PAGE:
COOKING MISTAKES MOST PEOPLE MAKE
I don't claim to know everything about cooking but these are the mistakes I see the most often. This knowledge is a combo of experience and things I've learned from watching too many Food Network shows and bad Buzzfeed gifs.
- •Not cooking corn tortillasYou can't just "warm up" corn tortillas for 5 seconds in a microwave. Traditionally in Mexico, corn tortillas always have some kind of secondary heat applied to them before eating. In the case of enchiladas, they're lightly fried. In the case of tacos, you have to put a char on them. Whether it's in a skillet or straight on the fire, you have to cook them enough that they don't fall apart or taste grainy!!!
- •Not seasoning pasta waterOne or two teaspoons of salt goes SUCH a long way in flavoring your pasta dish. Please don't skip this! No, salt in the sauce instead doesn't taste the same.
- •Not using cold ingredients to make biscuitsIs your biscuit tasting gummy or too cake-like? Did you use room temp butter? Did you mix it to the brink of death? DO LESS. Cold cubed butter(or frozen butter grated using a cheese grater, thx Food Network!), cold buttermilk, light mixing, and some time in the fridge (post-cutting, pre-oven) will guarantee you fluffy delicious biscuits every time.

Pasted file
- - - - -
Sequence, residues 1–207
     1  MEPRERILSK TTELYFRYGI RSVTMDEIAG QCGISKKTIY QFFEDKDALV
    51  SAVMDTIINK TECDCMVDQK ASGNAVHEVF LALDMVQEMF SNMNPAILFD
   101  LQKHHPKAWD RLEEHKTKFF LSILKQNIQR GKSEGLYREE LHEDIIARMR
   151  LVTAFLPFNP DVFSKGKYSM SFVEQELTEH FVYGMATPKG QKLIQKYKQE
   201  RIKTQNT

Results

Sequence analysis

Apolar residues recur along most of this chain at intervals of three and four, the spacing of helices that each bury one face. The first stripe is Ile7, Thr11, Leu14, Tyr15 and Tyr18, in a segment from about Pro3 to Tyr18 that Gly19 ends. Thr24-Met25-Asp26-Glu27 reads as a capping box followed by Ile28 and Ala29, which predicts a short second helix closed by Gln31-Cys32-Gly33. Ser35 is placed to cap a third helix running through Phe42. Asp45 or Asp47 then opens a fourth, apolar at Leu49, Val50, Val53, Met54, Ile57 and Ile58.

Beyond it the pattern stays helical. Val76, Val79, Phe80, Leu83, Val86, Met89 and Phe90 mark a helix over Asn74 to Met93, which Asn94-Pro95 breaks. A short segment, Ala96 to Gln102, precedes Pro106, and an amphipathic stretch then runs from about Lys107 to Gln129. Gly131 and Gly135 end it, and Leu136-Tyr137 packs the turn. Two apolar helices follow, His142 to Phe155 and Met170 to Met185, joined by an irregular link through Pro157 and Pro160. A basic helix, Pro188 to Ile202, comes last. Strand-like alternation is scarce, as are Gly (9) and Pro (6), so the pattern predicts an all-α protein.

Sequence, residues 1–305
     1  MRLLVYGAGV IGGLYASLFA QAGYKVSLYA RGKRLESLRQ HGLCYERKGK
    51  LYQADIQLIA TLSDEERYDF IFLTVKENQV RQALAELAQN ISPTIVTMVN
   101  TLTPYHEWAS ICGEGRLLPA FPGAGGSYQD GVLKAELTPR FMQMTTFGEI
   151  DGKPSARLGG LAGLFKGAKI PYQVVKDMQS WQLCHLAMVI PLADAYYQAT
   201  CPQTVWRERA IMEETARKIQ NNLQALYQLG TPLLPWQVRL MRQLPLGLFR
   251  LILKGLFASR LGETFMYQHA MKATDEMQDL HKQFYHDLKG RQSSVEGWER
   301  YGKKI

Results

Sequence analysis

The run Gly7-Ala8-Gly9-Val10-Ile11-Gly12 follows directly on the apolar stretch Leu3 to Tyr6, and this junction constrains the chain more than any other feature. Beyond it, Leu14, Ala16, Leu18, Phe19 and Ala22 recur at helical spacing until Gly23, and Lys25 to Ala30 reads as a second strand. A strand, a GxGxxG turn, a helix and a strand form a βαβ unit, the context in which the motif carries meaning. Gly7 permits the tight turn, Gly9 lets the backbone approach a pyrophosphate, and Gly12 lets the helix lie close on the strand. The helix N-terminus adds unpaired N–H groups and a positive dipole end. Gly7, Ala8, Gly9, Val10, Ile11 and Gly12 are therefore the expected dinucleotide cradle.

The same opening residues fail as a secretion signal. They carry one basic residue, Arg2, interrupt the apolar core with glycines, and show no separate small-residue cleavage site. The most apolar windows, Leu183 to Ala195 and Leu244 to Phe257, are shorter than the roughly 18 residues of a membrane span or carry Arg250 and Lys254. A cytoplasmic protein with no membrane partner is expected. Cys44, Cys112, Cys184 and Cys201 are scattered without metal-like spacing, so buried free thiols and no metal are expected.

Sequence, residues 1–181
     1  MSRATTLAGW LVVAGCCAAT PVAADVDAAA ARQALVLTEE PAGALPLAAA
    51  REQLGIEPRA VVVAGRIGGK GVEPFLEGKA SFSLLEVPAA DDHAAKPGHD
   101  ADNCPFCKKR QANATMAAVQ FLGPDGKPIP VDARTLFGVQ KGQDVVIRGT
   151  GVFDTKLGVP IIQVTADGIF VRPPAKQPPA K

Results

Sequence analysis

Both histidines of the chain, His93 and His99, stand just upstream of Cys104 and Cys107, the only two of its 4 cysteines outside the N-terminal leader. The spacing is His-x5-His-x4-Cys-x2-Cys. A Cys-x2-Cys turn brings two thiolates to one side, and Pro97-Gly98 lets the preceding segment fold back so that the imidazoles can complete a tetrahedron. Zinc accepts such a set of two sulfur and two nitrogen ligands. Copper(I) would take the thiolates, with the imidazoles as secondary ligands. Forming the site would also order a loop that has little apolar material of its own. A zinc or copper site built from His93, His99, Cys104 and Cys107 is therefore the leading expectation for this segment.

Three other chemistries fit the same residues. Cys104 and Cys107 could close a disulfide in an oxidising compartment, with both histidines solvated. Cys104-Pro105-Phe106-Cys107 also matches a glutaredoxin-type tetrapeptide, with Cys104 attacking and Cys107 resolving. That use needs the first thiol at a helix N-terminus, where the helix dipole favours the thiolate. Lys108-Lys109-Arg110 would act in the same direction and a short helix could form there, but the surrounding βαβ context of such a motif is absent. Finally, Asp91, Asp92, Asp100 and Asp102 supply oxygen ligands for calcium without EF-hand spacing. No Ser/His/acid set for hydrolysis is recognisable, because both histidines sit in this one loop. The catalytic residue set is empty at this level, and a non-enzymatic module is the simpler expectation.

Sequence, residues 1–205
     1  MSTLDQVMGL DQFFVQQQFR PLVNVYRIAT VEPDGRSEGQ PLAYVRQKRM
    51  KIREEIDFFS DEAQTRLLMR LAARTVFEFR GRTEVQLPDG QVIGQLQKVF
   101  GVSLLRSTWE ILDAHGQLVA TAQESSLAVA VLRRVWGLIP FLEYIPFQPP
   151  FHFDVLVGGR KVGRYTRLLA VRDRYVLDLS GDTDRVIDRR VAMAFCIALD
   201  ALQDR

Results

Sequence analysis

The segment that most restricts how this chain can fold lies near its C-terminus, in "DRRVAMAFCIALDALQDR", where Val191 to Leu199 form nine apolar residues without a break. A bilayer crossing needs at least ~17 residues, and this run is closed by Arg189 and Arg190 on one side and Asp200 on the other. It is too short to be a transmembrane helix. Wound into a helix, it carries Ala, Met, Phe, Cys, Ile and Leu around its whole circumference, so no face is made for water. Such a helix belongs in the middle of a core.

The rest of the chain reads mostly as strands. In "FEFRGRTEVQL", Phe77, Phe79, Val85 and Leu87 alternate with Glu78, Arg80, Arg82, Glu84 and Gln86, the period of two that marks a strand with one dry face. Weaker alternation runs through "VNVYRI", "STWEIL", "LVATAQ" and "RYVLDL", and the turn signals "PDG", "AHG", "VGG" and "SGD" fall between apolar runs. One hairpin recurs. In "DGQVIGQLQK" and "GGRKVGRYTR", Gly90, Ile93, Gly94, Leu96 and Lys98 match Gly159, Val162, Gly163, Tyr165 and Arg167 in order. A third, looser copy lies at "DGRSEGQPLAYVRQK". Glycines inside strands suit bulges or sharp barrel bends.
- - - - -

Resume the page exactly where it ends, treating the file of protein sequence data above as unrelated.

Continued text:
- •Not cutting uniformlyBiting into a slightly raw potato is the worst thing on the planet. Having a system of halving and quartering and slicing is an easy way to ensure that all of your veg and meats are uniform. Unless you specifically want some pieces to be cooked less than other pieces (for something like a fruit jam), cut with vigilance!
- •Overcooking scrambled eggs.I'm guilty of this one! Eggs retain heat and cook so fast that even if you take them off the stove and plate them at what you consider the perfect time, the texture could go wrong in 30 seconds. Account for carry over cooking time and avoid rubbery eggs! Yaaaay!
- •Using too much cheeseYes, I know...this is terrible and there's no such thing as too much cheese, except there is. Too much cheese in a grilled cheese for example, creates a grease bomb that is not melty and is just stringy and rubbery. Too much cheese in a cheese sauce makes it grainy and sad. Too much cheese in pizza makes you want to throw up. It is a sad reality...but on the plus side, more cheese for later!
- •Forgetting aciditySo many recipes, from soups to pasta dishes to salad dressings to sauces, fall flat. You taste it and it tastes good, but distinctly underwhelming. That missing flavor is usually some type of acid. Imagine a hollandaise without lemon juice, or French onion soup without sherry vinegar? Acidity deepens the flavor profiles of some of our favorite dishes, and it's a crime when it's forgotten.